Some bipartisan suggestions


Sunday, March 18, 2018

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In his inaugural budget speech as shadow Minister of Finance, Opposition MP Mark Golding made some important suggestions that should not be lost to the typically adversarial parliamentary process.

In a section entitled “Our philosophy on inclusive growth”, he noted that “both political parties must be involved in this process for it to be successful, and for that to happen will require authentic bipartisanship deliberately fostered in the national interest.”

He further observed “Authentic bipartisanship means honest dealings with each other, both in meetings where the public is not present and in the public domain. Mere lip-service will achieve nothing positive. Nice sounding words are too often undermined by behaviour that remains tribal and divisive. Both sides are guilty of that. We must turn the page and move beyond that approach to our politics.” We agree.


His starting suggestion was to broaden the conversation about growth.

“We see the drive for growth as part of a broader vision of national development involving the active participation by all stakeholders who make up our society. The small businesses, the farmers, the trade unions, the transport operators, the public service, the churches, the entertainers who are so influential over the minds of our youth. All of these groups need to be brought into a truly national drive for higher levels of economic growth, as part of a strengthened participatory democracy.”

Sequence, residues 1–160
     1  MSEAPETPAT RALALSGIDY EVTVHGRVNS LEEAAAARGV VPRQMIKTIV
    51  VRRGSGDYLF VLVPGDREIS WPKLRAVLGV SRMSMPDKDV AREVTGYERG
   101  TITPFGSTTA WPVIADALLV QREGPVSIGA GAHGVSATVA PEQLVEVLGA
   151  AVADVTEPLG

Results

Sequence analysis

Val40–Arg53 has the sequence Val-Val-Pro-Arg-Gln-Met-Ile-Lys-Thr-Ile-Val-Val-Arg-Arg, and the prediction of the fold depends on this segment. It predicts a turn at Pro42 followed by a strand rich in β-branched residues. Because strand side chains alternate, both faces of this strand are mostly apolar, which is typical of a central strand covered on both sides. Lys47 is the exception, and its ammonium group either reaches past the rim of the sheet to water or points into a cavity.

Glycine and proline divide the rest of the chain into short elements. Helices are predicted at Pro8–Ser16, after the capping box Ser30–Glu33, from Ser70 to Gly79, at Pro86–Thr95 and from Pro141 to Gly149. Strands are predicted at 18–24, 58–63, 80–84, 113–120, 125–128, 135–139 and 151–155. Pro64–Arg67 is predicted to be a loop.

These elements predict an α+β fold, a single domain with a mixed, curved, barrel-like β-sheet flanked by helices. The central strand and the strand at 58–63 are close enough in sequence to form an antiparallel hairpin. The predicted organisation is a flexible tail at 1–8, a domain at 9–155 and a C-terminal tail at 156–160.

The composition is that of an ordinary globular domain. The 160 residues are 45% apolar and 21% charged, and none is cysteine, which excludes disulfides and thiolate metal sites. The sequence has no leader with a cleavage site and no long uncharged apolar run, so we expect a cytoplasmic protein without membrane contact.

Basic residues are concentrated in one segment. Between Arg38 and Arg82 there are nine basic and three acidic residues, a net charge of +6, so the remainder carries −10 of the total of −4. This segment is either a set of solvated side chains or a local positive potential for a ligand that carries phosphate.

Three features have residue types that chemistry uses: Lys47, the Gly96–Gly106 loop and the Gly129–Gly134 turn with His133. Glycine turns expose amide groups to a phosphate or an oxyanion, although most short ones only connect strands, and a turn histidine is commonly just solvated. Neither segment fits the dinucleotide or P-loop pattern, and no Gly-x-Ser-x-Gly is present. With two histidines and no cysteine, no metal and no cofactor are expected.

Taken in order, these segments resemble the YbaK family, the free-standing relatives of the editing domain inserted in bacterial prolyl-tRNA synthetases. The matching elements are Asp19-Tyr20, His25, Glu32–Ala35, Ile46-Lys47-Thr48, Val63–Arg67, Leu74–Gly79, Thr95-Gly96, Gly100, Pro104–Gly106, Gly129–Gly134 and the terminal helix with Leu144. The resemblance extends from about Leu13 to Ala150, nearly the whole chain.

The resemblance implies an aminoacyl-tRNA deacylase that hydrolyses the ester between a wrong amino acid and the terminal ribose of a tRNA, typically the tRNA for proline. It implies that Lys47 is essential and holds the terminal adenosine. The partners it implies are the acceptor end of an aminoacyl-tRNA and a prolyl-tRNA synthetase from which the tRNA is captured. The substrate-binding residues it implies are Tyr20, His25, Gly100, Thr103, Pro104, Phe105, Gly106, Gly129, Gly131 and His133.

Golding notes the current IMF programme will come to an end next year, and that the country has benefitted greatly from the establishment of EPOC, which has monitored successive governments' adherence to the fiscal targets under the IMF programmes since 2013.

EPOC provides regular detailed reports to the public on Jamaica's fiscal and economic performance, which promotes transparency and encourages governments not to go off-track, and has built a credible reputation by providing objective non-partisan analysis based on factual data provided to it by the relevant government agencies. It has broad representation, which has helped to bring the whole country along through the challenging implementation of major economic reforms.

He therefore recommends — echoing a suggestion by Richard Byles at a recent IMF conference in Jamaica — that whenever Jamaica ceases having an IMF programme, a body modelled on EPOC should simultaneously be established in law with the statutory mandate to monitor and report to the public on the government's adherence to principles of sound fiscal management.

“This will help to maintain the people's confidence, and the confidence of local and international investors and observers, in Jamaica's economic management. It will make permanent what has become an important national institution in ensuring that Jamaica never slips back into large deficits and mounting debt. It will continue to complement and enhance the Fiscal Responsibility Framework that is already enshrined in law.”

I would note that strengthening the already existing social partnership with the force of law (whether it is called the partnership for progress, Jamaica, prosperity, or anything else) a proper secretariat would be the best mechanism for achieving both these two objectives.